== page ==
Spurs send: Pau Gasol, Marco Belinelli, Raptors’ 2019 first
Admittedly, it would be entertaining to see Marc and Pau traded for one another again under very different circumstances. The Spurs are a team that still values playing multiple bigs, and Marc Gasol’s skill level and overall effectiveness is an upgrade over his brother, who has mostly come off the bench this season in San Antonio. Marc is owed more money than Pau through 2020, but also probably stands a better chance of generating a return on his salary number. San Antonio has the guard depth to deal Belinelli and an extra pick with Toronto’s first, which will convey this year and end up a selection somewhere in the late 20s. The Spurs are back in playoff position, but are in the thick of a tight race, and upgrading their rotation up front for this year and next might be worth dealing that draft choice. Gasol and LaMarcus Aldridge wouldn’t exactly be a mobile pairing, but would certainly create problems for opposing defenses.
Something like this might be the best Memphis can do when it comes to dealing Gasol (and bringing back Pau for a farewell tour does have a certain value when it comes to business optics). At a glance, there just aren’t a ton of teams that should be leaping to add a guy like him on a contract that significant. If the Grizzlies are intent on getting a draft pick back for him, they might also have to eat a bad contract as a makeweight. On paper, there just aren’t many teams that need Gasol badly enough to flip much of substance.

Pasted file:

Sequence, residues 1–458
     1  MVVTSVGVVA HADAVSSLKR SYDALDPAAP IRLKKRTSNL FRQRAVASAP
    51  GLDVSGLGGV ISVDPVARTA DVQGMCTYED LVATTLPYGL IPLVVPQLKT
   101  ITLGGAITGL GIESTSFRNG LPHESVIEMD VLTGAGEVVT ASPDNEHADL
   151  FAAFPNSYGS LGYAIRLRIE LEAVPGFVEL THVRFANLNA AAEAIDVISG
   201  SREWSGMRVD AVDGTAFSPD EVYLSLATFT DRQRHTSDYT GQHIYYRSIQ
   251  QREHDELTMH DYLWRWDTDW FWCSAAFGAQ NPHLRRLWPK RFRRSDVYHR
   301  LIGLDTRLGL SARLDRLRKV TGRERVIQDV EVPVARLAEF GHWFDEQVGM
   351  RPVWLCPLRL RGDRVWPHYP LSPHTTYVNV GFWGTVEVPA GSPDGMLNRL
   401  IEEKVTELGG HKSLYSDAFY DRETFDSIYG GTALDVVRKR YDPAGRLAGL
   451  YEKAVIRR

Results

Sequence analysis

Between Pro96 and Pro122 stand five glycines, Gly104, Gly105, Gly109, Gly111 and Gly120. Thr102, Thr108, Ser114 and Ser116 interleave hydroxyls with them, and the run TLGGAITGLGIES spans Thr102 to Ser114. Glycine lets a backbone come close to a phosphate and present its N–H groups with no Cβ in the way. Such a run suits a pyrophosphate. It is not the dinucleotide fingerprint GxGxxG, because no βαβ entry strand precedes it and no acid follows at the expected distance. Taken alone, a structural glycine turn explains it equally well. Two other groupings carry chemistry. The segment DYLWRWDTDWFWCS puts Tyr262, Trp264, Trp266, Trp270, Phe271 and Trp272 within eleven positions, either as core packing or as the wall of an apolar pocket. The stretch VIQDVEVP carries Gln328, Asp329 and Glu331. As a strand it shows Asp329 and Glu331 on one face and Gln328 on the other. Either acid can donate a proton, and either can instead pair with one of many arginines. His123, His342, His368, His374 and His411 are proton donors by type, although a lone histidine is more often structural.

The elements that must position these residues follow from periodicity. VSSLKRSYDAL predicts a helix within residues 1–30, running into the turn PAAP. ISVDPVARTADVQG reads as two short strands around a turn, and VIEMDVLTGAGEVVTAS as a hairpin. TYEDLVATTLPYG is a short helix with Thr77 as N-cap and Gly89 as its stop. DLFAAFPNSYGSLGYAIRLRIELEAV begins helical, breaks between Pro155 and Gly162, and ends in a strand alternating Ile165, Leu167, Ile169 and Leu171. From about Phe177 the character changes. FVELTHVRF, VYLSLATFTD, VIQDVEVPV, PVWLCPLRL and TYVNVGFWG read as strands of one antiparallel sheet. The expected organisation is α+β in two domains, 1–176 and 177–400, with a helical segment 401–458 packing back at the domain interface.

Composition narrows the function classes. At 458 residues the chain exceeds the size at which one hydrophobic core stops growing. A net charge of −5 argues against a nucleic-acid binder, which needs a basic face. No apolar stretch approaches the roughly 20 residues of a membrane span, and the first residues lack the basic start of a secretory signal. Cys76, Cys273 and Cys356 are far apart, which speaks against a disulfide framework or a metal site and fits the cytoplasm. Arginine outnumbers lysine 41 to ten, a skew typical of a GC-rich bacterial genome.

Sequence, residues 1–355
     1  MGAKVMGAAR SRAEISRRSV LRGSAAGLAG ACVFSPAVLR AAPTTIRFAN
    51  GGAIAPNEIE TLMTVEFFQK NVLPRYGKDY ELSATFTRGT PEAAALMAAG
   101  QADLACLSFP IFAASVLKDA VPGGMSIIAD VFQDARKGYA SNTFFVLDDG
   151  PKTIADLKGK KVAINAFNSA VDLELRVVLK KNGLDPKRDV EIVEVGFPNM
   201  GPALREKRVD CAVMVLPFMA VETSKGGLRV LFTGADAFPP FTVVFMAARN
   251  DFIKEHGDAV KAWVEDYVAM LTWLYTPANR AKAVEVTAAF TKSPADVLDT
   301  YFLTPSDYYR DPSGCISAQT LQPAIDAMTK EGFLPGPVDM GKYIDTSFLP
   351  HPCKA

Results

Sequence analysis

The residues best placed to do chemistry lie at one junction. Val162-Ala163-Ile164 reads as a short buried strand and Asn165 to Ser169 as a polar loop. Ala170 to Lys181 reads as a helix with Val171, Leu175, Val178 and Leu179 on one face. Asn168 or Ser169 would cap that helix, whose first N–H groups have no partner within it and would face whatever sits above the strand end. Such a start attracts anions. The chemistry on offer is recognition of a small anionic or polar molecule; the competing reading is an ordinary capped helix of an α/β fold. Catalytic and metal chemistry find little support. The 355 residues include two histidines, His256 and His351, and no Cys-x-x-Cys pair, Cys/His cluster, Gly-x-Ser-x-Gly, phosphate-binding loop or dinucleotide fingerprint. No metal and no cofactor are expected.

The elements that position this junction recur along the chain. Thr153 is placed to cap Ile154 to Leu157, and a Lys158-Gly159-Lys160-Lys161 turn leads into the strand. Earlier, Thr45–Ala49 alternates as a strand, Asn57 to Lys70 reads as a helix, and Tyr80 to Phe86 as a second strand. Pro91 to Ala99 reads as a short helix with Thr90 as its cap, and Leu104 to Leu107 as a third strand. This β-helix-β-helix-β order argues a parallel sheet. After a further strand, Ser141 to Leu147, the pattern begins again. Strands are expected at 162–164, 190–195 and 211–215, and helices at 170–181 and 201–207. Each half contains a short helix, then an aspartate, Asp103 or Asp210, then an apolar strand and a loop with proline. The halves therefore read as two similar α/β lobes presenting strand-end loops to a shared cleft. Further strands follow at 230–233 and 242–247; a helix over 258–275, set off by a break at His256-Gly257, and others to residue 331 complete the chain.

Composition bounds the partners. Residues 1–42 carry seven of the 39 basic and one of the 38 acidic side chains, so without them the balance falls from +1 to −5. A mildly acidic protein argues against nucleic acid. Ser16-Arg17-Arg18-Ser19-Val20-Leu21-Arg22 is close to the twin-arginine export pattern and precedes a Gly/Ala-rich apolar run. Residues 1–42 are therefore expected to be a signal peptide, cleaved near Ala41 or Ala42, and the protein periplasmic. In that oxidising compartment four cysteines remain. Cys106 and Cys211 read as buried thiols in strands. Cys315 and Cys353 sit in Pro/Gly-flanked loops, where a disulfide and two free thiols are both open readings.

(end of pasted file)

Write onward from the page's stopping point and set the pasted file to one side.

These trade returns might be underwhelming for players who are still among the better options at their respective positions, but it’s a byproduct of the fact Memphis waited such a long time to try and move them. The Grizzlies have two weeks to play their hand and create a market. If they can nab an asset or two for each guy, tank as hard as possible and keep their top-eight protected pick away from Boston (that much now seems like a foregone conclusion), they could certainly end up in a reasonable place going forward. But, like much of what’s gone down in Memphis of late, there’s not a ton of reasons to feel confident, either. The trade deadline is Feb. 7.